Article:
“I’d say the biggest one is that I’m not nearly as self-sufficient as I thought. I knew I relied on my wife for emotional support a lot more than I would like. But I didn’t think I needed to hang out and shoot the shit with people in order to feel emotionally balanced. I thought as long as I had emotional support, a physical outlet (training) and a creative outlet (art/music) then I’d be fine. But ultimately I have to admit to myself that I am human and we are social animals.

If anything I realised that I need to not make my whole life about self-betterment. Being of a predisposition towards addiction it’s quite easy for me to become obsessive and to pursue something to the point that I’m being neglectful of important things in my life.”

How have you dealt with your own mental health over the last few months?

“After this sort of deafening silence incident I spoke of earlier, for the first time in years or maybe ever I actually took a complete break from work. When I was growing up, I was a hardcore gamer. Since starting my tattoo apprenticeship, however, I completely stopped so I could 100% focus on my craft. So since halfway through the lockdown I have completed 12-15 games [laughs]. The escapism and simply doing something totally vacuous without any career goal was great for me while I felt totally trapped, oppressed and overwhelmed by the world outside. I also then took up skateboarding for the first time in 15 years. Again, it was totally awesome to be really shit at something, but it didn’t matter, because I was doing it for no reason other than to have fun.”

Your new album Messiah Complex you’ve described as a deep delve into the analysis of your worst parts. What are those parts and how have you kept control of them during lockdown?

“I think I pretty much have the same worst bits as everyone else, I can be vengeful, unempathetic, I lie, I can be a hypocrite, I lose my temper, I revel in others suffering, I can be undisciplined… the list goes on forever. But I try very hard to notice and acknowledge those things if not at the time then in hindsight. Most importantly ADMIT WHEN I’M WRONG. Then try to work out what made me behave that way and try to figure out a way to not repeat the same mistakes.”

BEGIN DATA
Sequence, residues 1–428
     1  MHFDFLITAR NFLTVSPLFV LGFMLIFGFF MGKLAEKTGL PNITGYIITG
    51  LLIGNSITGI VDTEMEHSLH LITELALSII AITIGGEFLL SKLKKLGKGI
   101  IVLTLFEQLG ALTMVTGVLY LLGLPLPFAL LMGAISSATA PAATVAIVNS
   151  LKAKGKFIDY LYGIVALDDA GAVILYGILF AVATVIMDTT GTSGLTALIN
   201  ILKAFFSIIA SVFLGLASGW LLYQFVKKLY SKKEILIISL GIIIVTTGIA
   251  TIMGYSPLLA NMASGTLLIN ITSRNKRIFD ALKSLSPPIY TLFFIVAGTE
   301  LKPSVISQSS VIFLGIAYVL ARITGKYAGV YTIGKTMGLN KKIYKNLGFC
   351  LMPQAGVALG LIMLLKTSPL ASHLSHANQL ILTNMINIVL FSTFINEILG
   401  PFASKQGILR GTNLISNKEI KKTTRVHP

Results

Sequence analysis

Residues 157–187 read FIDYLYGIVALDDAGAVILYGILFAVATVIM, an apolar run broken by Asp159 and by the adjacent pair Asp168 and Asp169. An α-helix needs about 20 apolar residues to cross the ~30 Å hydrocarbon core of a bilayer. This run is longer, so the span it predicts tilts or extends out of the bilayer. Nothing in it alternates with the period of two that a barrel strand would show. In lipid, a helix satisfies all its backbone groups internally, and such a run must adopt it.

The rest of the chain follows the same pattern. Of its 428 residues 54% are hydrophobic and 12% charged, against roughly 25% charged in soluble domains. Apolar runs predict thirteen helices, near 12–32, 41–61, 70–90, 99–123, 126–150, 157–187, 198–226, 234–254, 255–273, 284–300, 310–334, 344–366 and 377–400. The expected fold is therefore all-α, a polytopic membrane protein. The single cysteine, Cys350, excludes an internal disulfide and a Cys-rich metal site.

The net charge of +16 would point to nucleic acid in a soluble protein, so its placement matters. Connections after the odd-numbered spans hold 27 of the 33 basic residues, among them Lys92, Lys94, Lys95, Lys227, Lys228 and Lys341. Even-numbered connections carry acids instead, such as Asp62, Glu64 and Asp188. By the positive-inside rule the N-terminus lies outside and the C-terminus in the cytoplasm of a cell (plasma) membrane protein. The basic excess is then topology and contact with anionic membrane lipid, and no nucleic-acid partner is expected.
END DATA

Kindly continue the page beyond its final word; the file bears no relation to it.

How does it help you to write and perform about some of your bad points?

“The reason many people self-harm is because it provides some sort of comfort to see the pain inside them manifested as something real and physical rather than being tortured by an abstract thing within themselves. (Obviously, I am not condoning self-harm, I suffered from it in many guises over the years which is where this insight has come from) I think being driven to be creative is basically that same idea. You’re manifesting something real from the abstract ideas within yourself. So you can sit and look/listen at this thing you’ve created and go, ‘Yeah. That’s that thing within me that’s torturing me’ Then once you understand it more fully from an outside perspective, you can hopefully move on.”

Going forward has the forced lockdown given you time to create any new projects that you can tell us about?

“I was lucky enough to get invited into a group of guys along with Luke Kenny of the Berzerker (Luke named me Master Of Distortion for the project haha) to make some lockdown music which is a mix of deathgrind-speedcore-noise-techno. We have a few tracks finished but I’m intrigued to see what happens with it going forward.

The reason I could jump straight into fully producing my own stuff is because I used to make breakcore when I was growing up. The extra time allowed me to blast out a bunch of PASSENGEROFSHIT splattercore style tracks using grind samples and gabber kicks. I will release this sometime soon and in amongst the original tracks there will be some remixes of some pretty well-known grind bands.”